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Studio One began as a CBS radio drama in the 1940s, moving to television in 1948. It became the longest running hour-long dramatic anthology in television history, lasting a full decade. Known for innovative production techniques, Studio One pushed the limits of live programming and became one of the most popular shows of its day. Over the 1950 holiday season, it presented a unique two-part adaptation of the famous novel Little Women. Louisa May Alcott's classic coming-of-age story, about four sisters who are forced to grow up after their father goes off to fight in the Civil War, had been filmed several times before for the big screen going back to the silent era. The most recent movie version, directed by Mervyn Le Roy and starring Elizabeth Taylor and Janet Leigh, had premiered less than a year earlier. While this first television adaptation of the much-loved novel lacks the budget and finesse of those major studio pictures, it more than makes up for it in its fidelity to the source material, taking scenes and dialogue straight from Alcott's book that otherwise would be rewritten by Hollywood screenwriters.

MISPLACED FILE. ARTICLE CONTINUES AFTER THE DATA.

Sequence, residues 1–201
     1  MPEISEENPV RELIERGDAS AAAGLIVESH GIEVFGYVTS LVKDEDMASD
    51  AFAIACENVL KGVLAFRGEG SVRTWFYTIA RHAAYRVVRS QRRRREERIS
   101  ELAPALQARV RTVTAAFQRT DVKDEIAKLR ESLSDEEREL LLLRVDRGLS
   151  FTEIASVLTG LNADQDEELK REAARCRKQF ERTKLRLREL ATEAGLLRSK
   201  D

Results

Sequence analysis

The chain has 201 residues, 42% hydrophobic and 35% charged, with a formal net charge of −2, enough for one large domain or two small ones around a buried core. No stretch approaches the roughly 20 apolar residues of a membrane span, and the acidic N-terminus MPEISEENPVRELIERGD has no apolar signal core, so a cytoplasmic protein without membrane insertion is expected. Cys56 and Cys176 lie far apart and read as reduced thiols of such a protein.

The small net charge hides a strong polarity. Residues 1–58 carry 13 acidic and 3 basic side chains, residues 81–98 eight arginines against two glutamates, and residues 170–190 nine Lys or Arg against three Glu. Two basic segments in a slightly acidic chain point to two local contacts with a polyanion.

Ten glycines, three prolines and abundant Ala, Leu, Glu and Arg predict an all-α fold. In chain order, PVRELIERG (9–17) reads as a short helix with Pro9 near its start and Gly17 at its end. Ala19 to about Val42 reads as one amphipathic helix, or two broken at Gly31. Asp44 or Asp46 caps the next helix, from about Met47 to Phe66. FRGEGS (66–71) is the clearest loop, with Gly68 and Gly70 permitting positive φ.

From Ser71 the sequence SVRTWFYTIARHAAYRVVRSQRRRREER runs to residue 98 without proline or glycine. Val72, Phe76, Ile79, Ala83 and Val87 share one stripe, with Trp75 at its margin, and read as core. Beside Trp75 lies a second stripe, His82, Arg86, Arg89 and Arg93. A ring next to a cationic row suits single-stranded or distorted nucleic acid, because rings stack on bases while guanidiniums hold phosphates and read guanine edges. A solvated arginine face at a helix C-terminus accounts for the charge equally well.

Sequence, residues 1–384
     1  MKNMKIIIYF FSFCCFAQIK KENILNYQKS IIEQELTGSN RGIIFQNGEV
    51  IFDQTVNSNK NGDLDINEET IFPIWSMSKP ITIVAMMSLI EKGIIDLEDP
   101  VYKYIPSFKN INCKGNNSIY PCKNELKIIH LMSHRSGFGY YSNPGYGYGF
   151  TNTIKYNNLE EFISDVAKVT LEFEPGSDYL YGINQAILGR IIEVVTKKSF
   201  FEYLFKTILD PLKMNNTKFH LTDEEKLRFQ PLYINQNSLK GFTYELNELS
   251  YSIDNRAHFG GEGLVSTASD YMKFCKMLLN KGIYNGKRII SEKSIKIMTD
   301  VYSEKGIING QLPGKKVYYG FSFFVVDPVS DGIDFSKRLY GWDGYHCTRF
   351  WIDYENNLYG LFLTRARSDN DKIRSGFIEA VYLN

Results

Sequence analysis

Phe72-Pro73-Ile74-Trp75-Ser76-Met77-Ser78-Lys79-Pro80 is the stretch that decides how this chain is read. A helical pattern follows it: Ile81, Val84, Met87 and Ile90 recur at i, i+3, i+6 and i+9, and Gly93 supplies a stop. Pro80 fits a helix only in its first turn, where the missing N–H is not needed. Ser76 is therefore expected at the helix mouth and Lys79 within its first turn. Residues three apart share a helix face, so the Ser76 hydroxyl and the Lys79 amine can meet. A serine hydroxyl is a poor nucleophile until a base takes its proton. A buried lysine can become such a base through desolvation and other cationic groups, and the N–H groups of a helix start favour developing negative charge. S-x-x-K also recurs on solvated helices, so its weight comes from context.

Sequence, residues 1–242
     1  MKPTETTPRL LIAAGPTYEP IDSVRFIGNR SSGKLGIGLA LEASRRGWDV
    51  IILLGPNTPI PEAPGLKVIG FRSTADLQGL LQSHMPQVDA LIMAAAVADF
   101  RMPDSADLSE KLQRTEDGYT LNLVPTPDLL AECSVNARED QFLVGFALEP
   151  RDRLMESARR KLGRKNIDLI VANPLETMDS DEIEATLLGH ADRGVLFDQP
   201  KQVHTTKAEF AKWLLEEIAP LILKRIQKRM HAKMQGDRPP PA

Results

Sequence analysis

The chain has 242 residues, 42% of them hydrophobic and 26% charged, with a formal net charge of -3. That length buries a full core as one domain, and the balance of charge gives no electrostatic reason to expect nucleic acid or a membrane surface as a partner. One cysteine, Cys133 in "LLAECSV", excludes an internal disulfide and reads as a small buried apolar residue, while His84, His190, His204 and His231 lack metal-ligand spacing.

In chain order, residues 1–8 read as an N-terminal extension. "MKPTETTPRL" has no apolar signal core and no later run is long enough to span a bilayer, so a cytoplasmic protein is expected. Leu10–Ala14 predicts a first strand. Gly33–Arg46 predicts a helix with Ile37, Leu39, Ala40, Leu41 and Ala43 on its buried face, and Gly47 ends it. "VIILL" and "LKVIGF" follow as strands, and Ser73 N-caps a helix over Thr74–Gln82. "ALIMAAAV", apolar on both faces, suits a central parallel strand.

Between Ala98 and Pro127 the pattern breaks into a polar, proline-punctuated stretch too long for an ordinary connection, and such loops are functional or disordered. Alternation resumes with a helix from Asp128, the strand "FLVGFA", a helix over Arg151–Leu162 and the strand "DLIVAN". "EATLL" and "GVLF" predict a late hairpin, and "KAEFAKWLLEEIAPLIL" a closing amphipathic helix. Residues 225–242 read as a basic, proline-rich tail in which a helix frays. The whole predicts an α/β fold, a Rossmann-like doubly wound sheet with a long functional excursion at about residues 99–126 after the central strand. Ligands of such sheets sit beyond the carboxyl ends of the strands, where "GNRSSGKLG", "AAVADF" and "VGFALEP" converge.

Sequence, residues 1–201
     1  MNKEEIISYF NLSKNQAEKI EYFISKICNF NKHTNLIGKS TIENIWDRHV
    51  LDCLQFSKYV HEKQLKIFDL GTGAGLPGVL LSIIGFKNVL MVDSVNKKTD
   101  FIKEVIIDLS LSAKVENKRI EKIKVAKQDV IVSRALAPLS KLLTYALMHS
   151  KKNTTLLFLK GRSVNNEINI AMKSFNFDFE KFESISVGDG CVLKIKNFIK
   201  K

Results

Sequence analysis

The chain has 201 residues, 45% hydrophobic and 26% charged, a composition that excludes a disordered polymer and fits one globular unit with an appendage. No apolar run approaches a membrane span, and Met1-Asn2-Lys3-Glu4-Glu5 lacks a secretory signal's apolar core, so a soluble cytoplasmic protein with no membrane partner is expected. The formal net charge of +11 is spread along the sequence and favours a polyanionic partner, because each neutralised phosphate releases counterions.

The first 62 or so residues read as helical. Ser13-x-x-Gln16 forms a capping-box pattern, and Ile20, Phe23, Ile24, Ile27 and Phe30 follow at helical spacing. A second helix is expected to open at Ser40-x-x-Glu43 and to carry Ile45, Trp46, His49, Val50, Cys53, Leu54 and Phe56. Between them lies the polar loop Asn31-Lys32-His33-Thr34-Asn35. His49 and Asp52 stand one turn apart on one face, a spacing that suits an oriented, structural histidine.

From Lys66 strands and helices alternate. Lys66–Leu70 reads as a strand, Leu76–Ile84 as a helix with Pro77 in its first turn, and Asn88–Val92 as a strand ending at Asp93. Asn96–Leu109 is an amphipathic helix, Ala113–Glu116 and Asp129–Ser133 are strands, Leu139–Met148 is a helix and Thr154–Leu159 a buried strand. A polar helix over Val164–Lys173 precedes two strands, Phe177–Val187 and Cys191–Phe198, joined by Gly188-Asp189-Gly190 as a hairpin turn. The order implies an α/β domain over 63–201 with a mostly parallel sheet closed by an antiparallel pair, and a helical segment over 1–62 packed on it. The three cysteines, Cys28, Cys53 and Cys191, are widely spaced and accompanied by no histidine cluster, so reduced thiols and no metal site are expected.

Studio One was filmed live in New York, pulling many of its performers from Broadway productions of the day. Many of them were young actors who would go on to long careers in film and television, or were established stage veterans who also appeared on the big screen. The two-part adaptation of Little Women was no exception. Jo March is played by a young Nancy Marchand, making her television debut. In her mature years she became a four-time Emmy Award winner for her portrayal of publisher Margaret Pynchon on the dramatic series Lou Grant (1977-1982). Marchand is probably best known today for playing Tony Soprano's mother Livia on The Sopranos (1999-2007) for which she won a Golden Globe. Kent Smith, who plays her love interest Professor Bhaer, was the leading man in the classic horror film Cat People (1942), and its sequel, The Curse of the Cat People (1944). Conrad Bain, also making his first television appearance, would go on to much success first on the Bea Arthur sitcom Maude (1972-1978) and then as Mr. Drummond on Diff'rent Strokes (1978-1986). Una O'Connor will be instantly recognizable to horror movie fans for her hysterical roles in the James Whale classics The Invisible Man (1933) and Bride of Frankenstein (1935). Both parts of this Studio One adaptation of Little Women are directed by Lela Swift, a pioneering female filmmaker who directed close to 600 episodes of Dark Shadows (1966-1971).

Note: Due to the rarity of these early kinescope recordings, some picture and sound anomalies exist.

Not Rated.

Released by Alpha Home Entertainment/Gotham. See more credits.